A year after the Swedish Academy shocked the world with his choice of Bob Dylan as well as the Nobel prize for literature, the jury is about to reveal the winner of this year’s prestigious honor.
The academy, an assembly of 18 Swedes, who are elected by secret ballot in their roles and keep them for life, revealed that the Nobel prize for literature will be announced on 5 October. More than half of the academy, members must vote for the final winner, who is chosen from about 350 suggestions made by literary experts and former Nobel prize laureates from around the world. Intended to honor Alfred Nobel’s desire to reward “the people who have produced in the field of literature the most outstanding work in an ideal direction”, the SEK9m (£832,000) the prize is awarded to 113 writers since 1901, including 14 women, 28 written in English, and 77 was written in prose.
Nobel prize for literature won by Bob Dylan – as it happened
Last year’s choice, the singer-songwriter Dylan, aroused controversy, especially when Dylan initially failed to recognize his victory – for which he has been described as “rude and arrogant” by the academy member Per Wastberg – and then failed to attend the award ceremony. Instead, he collected the award at a private ceremony four months later, and delivered his speech from the Nobel prize – the only requirement to receive the prize money – just before the deadline has passed. Dylan, selected “for the creation of new poetic expressions within the great American song tradition”, was later rumored to have written his speech in using the website SparkNotes.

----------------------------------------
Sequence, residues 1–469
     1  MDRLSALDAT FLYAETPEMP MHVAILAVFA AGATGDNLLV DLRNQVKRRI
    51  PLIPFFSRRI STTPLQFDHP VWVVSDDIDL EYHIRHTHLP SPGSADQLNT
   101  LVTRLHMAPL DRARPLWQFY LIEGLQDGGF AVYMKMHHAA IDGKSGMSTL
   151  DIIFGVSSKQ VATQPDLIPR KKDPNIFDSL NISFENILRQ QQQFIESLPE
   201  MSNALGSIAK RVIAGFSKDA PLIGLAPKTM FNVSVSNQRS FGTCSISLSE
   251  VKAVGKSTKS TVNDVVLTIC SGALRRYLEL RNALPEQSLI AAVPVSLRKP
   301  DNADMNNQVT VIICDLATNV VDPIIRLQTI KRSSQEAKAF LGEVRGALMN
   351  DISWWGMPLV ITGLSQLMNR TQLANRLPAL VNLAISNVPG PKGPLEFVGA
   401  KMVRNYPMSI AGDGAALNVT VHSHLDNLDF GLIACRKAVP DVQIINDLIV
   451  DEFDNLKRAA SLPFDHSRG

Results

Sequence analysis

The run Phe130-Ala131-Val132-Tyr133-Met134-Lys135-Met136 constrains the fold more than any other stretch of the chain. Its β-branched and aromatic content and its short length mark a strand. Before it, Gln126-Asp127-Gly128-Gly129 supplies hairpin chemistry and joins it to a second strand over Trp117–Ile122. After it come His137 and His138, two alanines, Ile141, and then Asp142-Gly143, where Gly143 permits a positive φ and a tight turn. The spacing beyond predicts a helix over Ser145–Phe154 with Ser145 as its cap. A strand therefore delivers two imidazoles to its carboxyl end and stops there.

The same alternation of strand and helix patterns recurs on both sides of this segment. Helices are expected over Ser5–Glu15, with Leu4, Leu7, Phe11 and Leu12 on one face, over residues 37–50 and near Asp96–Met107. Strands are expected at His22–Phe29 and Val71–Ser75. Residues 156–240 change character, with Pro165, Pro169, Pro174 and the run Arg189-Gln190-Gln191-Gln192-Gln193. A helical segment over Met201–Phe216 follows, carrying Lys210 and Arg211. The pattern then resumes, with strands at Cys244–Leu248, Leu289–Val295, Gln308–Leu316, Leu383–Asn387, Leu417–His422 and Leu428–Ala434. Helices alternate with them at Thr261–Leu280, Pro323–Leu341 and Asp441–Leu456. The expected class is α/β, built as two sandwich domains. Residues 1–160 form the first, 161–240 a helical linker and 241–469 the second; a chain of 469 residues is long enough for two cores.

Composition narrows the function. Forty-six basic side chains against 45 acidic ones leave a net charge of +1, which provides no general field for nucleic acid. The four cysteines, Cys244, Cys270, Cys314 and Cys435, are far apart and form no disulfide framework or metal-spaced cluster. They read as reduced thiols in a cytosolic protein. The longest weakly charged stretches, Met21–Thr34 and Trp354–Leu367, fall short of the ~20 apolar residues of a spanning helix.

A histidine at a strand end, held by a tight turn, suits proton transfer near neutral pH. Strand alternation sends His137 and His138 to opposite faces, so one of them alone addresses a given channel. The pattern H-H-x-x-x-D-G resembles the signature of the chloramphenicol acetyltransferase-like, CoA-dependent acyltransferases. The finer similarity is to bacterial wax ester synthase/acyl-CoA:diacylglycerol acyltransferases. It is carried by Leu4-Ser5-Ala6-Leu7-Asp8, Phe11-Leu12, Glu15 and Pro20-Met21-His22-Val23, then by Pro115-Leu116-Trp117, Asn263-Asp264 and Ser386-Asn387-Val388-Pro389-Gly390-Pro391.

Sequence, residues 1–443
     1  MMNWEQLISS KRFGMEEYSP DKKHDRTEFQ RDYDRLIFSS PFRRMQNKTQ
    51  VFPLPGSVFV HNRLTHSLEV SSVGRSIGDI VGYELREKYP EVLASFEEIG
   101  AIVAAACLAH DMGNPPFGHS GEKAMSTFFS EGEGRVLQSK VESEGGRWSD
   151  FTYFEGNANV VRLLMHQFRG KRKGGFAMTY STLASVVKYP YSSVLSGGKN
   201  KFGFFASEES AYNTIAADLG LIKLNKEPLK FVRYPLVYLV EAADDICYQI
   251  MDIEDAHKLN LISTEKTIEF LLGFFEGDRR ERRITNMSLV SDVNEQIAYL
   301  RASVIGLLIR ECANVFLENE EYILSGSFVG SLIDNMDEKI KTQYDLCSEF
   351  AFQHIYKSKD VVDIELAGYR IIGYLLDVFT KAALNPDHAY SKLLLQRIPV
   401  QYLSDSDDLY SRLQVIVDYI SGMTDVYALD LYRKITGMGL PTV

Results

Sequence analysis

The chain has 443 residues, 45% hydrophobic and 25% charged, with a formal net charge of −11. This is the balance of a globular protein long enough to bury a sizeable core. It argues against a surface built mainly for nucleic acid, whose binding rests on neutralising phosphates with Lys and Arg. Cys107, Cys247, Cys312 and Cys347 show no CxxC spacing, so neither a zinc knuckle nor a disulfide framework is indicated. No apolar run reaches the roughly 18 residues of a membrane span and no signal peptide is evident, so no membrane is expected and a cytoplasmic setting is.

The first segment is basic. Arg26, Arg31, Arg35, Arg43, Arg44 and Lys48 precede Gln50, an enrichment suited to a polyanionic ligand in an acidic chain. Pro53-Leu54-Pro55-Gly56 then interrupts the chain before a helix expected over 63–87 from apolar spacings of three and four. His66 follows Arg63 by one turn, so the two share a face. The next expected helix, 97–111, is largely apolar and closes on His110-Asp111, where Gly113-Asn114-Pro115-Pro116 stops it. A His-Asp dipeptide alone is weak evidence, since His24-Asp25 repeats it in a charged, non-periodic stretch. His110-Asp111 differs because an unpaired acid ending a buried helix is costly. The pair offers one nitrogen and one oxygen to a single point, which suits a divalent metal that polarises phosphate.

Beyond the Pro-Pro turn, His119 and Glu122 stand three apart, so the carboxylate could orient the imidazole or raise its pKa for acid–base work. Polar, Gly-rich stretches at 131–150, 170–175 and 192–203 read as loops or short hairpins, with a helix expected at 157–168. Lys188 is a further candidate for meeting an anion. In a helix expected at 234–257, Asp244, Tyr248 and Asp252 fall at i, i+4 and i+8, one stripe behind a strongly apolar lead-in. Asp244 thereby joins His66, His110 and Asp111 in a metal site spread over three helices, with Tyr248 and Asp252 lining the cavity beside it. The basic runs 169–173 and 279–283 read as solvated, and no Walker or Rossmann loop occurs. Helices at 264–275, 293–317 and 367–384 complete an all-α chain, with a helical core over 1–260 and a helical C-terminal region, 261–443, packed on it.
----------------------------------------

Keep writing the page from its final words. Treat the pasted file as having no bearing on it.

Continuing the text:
This year, despite the betting Unibet offers odds all the world of George RR Martin to Kanye West to take the prize, the academy should plump for a safer choice. On Ladbrokes, which found last year that 91% of the time, the eventual winner has odds of 10/1 or less when betting was suspended, the ground has been complemented by the perennial contenders in Kenya, Ngũgĩ wa thiong’o at 4/1, and the japanese Haruki Murakami at 5/1. The last black writer to win the Nobel peace prize was the American novelist Toni Morrison in 1993, and the last black winner of Africa has been Wole Soyinka in 1986.
Haruki Murakami named the 4/1 favourite to win the 2016 Nobel prize in literature
Canadian novelist Margaret Atwood, buoyed by the success of the recent TV adaptation of The Handmaid’s tale, is in third place on Ladbrokes at 6/1, while the South Korean poet Ko Un, fourth at 8/1. Other names in Ladbrokes of the raw contenders include novelist, Israeli Amos Oz, Italian author and translator, Claudio Magris and Spanish writer Javier Marías.